Guidebooks to the Roman Frontier

1952 [5th impress. 1960]

The Society of Antiquaries of Newcastle upon Tyne has had two features on the official Ministry and English Heritage guidebooks of Hadrian’s Wall in their News Bulletin:

David W. J. Gill, ‘Guiding us along the Roman wall’, 69 (September 2020), p. 3

Nick Hodgson, ‘Guiding us along the Roman frontier, Part II’, 70 (December 2020), p. 5

Corbridge (with update); Chesters (with update); Housesteads; Birdoswald; Hadrian’s Wall

Tynemouth Priory and Castle: guidebooks

Tynemouth Priory and Castle © David Gill

Tynemouth priory and church are located on the north side of the mouth of the river Tyne. The first guidebook, by R.Neville Hadcock, was published in 1936; the second edition appeared in 1952, continuing as an English Heritage ‘Handbook’ in 1986. It followed the standard format of History followed by description; there is an extended glossary.

The guidebook was replaced by Andrew D. Saunders (1993).

1986

The most recent guidebook is by Grace McCombie (2008). This starts with a tour followed by the history. It includes a section on the headland in the First and Second World Wars, with detailed descriptions of the gun batteries.

2008

Dunstanburgh Castle: guidebooks

Dunstanburgh Castle © David Gill

Dunstanburgh Castle on the Northumberland coast was placed in State Guardianship in 1929. Construction had started in 1313. The first official guide was published in 1936 with the section on the history of the castle by C.H. Hunter Blair, and the description by H.L. Honeyman. The cover carries the arms of Thomas, second Earl of Lancaster (1277–1322). There is a foldout plan inside the back cover. The guide continued into the 1970s.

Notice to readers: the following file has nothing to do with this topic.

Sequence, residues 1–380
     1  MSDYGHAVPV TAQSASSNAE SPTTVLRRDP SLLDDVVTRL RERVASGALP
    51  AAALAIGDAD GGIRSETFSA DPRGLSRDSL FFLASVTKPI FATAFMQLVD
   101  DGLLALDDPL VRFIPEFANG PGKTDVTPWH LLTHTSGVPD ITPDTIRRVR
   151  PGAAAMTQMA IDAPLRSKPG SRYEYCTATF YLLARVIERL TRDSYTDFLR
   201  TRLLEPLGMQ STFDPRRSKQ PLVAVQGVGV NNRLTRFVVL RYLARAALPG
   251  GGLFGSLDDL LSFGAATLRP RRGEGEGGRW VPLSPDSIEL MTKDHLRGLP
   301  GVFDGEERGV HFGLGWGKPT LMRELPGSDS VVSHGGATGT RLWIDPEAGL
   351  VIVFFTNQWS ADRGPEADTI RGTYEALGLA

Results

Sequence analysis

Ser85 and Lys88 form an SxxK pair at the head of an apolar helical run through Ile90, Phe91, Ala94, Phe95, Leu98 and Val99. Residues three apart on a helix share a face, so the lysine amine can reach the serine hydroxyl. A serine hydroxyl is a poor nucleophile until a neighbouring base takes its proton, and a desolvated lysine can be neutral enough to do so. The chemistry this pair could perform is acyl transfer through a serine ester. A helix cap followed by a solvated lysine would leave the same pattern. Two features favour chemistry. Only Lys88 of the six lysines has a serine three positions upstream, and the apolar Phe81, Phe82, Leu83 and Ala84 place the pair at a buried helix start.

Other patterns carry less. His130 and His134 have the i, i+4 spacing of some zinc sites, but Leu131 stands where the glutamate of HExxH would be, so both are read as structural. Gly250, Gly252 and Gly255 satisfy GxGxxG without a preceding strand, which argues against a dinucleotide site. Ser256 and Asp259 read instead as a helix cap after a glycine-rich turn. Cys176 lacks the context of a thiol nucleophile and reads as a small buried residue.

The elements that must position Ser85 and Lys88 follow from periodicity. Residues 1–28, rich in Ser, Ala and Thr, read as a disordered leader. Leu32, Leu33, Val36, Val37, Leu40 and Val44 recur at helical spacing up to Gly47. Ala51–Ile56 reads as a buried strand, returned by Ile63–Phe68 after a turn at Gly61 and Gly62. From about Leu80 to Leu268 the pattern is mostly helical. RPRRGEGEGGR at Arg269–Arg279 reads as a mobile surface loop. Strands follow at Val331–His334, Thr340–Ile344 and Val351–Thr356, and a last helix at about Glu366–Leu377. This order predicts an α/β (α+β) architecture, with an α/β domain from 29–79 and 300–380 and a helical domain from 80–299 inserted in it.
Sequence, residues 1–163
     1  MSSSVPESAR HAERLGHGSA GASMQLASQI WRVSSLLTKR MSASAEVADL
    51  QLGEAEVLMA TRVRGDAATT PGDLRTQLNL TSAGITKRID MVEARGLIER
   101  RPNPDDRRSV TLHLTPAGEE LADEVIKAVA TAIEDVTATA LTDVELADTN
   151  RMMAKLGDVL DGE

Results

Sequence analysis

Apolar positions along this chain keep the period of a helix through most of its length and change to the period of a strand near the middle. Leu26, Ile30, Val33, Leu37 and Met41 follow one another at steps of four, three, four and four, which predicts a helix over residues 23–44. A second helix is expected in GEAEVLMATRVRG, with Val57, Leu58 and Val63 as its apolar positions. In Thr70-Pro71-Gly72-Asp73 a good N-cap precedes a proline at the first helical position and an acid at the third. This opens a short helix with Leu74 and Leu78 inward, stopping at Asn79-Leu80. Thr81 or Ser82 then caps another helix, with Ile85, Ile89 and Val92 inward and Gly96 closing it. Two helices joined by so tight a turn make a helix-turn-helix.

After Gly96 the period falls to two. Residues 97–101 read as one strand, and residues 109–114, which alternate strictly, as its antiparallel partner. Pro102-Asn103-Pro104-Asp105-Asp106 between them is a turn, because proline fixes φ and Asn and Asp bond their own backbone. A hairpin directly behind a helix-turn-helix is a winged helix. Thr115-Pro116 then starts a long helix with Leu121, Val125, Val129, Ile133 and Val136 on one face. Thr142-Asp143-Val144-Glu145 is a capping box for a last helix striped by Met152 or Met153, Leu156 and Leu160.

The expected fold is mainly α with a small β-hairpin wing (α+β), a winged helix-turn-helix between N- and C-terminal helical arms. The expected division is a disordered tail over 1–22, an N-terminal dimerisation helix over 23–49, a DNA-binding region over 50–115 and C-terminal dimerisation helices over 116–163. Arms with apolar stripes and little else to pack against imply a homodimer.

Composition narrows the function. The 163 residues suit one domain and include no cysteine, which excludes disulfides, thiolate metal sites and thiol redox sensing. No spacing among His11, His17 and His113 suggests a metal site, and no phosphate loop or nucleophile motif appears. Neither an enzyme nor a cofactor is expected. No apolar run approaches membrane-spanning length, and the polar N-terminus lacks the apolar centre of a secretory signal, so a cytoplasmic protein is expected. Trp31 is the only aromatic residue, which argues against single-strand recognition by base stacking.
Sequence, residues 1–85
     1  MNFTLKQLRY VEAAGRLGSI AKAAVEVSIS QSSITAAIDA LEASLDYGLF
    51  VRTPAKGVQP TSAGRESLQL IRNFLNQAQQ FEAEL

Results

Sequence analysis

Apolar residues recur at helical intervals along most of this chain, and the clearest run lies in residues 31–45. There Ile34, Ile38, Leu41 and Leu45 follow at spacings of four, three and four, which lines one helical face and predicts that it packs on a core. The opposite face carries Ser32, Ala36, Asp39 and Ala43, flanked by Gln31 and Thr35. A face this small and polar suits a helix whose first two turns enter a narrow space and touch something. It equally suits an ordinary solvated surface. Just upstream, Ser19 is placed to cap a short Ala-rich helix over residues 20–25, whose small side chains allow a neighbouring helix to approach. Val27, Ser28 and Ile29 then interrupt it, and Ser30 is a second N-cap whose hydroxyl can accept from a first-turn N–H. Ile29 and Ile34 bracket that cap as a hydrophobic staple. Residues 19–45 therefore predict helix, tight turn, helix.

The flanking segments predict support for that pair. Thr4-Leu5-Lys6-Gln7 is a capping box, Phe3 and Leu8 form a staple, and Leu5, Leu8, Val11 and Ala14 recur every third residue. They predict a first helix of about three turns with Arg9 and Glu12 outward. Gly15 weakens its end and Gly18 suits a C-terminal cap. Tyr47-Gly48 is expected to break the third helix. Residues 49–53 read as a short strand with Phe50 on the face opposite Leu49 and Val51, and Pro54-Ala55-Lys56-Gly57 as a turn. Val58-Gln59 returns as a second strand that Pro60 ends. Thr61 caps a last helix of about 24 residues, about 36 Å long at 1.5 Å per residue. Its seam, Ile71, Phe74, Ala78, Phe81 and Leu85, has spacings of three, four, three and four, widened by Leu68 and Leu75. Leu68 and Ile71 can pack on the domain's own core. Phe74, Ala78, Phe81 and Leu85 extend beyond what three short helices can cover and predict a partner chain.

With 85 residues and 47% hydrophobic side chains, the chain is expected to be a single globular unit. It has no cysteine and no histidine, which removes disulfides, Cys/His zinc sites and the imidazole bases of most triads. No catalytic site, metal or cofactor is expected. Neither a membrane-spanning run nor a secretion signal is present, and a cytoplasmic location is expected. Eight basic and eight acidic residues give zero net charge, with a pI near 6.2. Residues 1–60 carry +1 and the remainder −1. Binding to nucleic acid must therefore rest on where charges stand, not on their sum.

1936 (2nd ed. 1955, 4th impress. 1962)
10th impress. 1973

A colour illustrated guide was prepared by Henry Summerson (1993). The main section is dedicated to a tour of the castle, and there is a helpful bird’s-eye view to help to orientate the visitor. There is a short section with biographical notes on Thomas of Lancaster and John of Gaunt.

1993

Alastair Oswald and Jeremy Ashbee prepared the English Heritage red guide (2007). This contains a bird’s-eye view and a plan of the castle on the fold-out card cover. The tour contains helpful thumbnail plans to help the visitor located their position. There is a section on Dunstanburgh and coastal defence during World War 2.

2007 (repr. 2016)

Brunton Turret: Ministry of Works signage

Brunton Turret (1985) © David Gill

Brunton Turret (T26b) is included in a well preserved stretch of Hadrian’s Wall, just to the east of the River North Tyne (and Chesters Roman fort). The Ministry of Works sign (since removed) reminded visitors not to damage the monument. It is perhaps ironic that Brunton Turret was the target of illegal detecting.

Brunton Turret from the west © David Gill

Finchale Priory: Prior’s lodgings

Finchale Priory © David Gill

The prior’s lodgings are at the east end of the complex.

Finchale Priory © David Gill
Finchale Priory © David Gill

A chapel was placed on the south side of the rooms, and a study to the north.

Finchale Priory © David Gill